Using a pre-defined process evaluation framework and instruments, we also monitored the delivery of the intervention. Researchers recorded attendance and participation rates during classes and the receptiveness of the adolescents to the classes. Teachers in charge of a class filled out a questionnaire at the end of each class to assess their appreciation of the materials and the messages conveyed. We assessed if adolescents noticed, liked and used the walking trail using a questionnaire in a convenience sample of 2 schools. At the end of the workshop with parents, a questionnaire was administered to parents to measure satisfaction and to get general feedback of the workshops. In the present manuscript we describe the delivery and response of the intervention. A full process evaluation will be reported separately.

Statistical analysis

Differences at baseline between intervention groups as well as differences dropout and remainders groups were assessed using a t-test for continuous variables adjusted for the pair matched allocation and χ2 test for categorical variables. To estimate the effect of the intervention, we used a difference in differences approach.

An intention-to-treat analysis was performed to assess the intervention effect using mixed linear regression models with the pair-matching as random effect. In such models, the Beta coefficient of the intervention variable indicates the difference in means for continuous dependent variables and the difference in absolute risks for dichotomic ones [39]. All models were adjusted for baseline BMI z-score, gender, adolescent socio-economic status and knowledge on recommendations and health benefits of physical activity. We adjusted the analysis for prior knowledge on physical activity as it influences on how much the new knowledge can be assimilated [40]. Akaike-Schwartz criteria [41] were used to determine the optimal covariance structure. To assess the effect of the adjusting, we also analyzed the effect of the intervention using crude models. We also tested variations of the effect by pairs of schools by a meta-analysis with visual appraisal of the forest plot and heterogeneity statistics (I2) [42].

Next, we tested if the intervention had a different effect in boys and girls using interaction term gender × allocation group. As there was substantial heterogeneity among the pairs we explored if the intervention effect was modified by school characteristics for outcomes with a P < 0.1 in the main analysis. For each outcome, we first assessed the effect modification for the five school characteristics in separate models (bivariate models) by including the interaction term of the school characteristic × intervention. Secondly, a final model was constructed with all school characteristics that were significantly (P < 0.05) associated with the outcome in the bivariate models. Finally, the analysis was stratified when the interaction terms were significant (P interaction < 0.1). In addition, we tested the effect of missing data for all outcomes with P < 0.1 using a multiple imputation method based on chained equations with 50 imputation runs. Age, BMI z-score, gender, physical activity knowledge and socio-economic status were used as predictors in models to impute data in the pairs. All tests were performed with a significance level of 5% and models were evaluated for collinearity using variance inflation factors. Given the small number of pairs (n = 10), we calculated the P-values from the multilevel analyses from a t-distribution with 9 degrees of freedom. Data were analyzed using Stata.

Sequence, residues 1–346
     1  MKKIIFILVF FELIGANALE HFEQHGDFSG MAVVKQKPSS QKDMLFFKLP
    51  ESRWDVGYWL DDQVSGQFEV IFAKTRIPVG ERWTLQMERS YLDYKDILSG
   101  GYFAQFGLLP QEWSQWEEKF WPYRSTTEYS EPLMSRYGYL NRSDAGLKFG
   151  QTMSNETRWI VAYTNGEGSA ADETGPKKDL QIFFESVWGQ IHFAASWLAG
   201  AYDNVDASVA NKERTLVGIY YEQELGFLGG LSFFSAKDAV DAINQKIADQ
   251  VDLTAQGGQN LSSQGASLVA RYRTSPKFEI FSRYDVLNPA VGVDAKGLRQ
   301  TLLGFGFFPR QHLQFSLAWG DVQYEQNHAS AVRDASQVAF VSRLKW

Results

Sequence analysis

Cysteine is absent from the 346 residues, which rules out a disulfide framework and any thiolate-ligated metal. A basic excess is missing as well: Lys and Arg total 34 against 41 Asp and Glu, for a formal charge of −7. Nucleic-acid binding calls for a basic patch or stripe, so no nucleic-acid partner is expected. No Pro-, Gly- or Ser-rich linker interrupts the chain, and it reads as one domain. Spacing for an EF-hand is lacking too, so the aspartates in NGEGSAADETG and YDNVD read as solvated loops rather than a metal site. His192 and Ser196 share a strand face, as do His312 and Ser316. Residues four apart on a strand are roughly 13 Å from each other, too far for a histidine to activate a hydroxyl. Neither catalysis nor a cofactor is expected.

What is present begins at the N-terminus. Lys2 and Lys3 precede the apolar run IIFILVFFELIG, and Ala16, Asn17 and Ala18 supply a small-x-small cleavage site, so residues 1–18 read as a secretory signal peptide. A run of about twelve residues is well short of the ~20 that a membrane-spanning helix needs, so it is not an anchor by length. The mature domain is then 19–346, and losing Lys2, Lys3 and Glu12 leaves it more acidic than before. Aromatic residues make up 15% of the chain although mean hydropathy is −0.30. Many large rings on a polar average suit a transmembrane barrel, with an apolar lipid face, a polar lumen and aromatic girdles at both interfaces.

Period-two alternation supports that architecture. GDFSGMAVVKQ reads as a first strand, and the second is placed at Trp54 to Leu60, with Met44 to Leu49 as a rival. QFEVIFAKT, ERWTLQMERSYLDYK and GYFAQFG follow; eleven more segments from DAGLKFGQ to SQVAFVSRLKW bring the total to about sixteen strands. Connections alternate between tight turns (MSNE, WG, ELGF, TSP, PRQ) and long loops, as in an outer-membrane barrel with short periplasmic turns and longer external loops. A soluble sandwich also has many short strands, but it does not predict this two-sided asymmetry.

A total of 1440 adolescents (intervention group: n = 700, 48.6%) and 20 schools (intervention group: n = 10, 50%) participated in the trial (Figure 1). Baseline characteristics at individual and cluster level were comparable (Tables 2 and 3). Except for 20 m shuttle run, handgrip, plate tapping, sedentary time and light physical activity time, there were no significant differences in baseline characteristics.

Table 2 Participant characteristics at baseline
Table 3 School characteristics at baseline

All schools completed the trial and the sample size included in the analyses was 1083 adolescents (63.2% girls, intervention group: n = 550, 50.8%). The attrition rate was higher (P < 0.001) in the control (28%, n = 207/740) compared to the intervention group (21%, n = 150/700). Most of the attrition was due to adolescents changing schools (73%, 262/357). Physical activity could not be assessed in 47% (117/251) of the adolescents as accelerometers malfunctioned (n = 70) or participants were lost to follow-up (n = 39 left school). Six students declined to participate and 2 were pregnant. In one school, no accelerometer readings were available for the same reasons. Adolescents lost to follow-up had a higher baseline score in the handgrip (P < 0.001) compared to adolescents who completed the trial, while the speed shuttle run (P = 0.01) and screen time during the week (P = 0.01) were better among the adolescents who completed the trial. There was no difference for all other outcomes. At the end of the intervention adolescents were on average 15.1 year ± 0.7.

Primary outcomes

Adolescents from the intervention group had a greater increase in vertical jump (intervention effect = 2.5 cm; 95%CI 0.78-4.23; P = 0.01). Adolescents from the control group needed more time for speed shuttle run but this difference was small with borderline statistical significance (intervention effect = −0.8 s, CI-1.58-0.07; P = 0.05) compared to the intervention group indicating a deterioration of physical fitness for this component. Adolescents from the control group needed less attempts to keep their balance for the duration of one minute in flamingo balance test (P = 0.02) compared to intervention group (Table 4) i.e. the control group had a higher improvement in balance test compared to intervention group.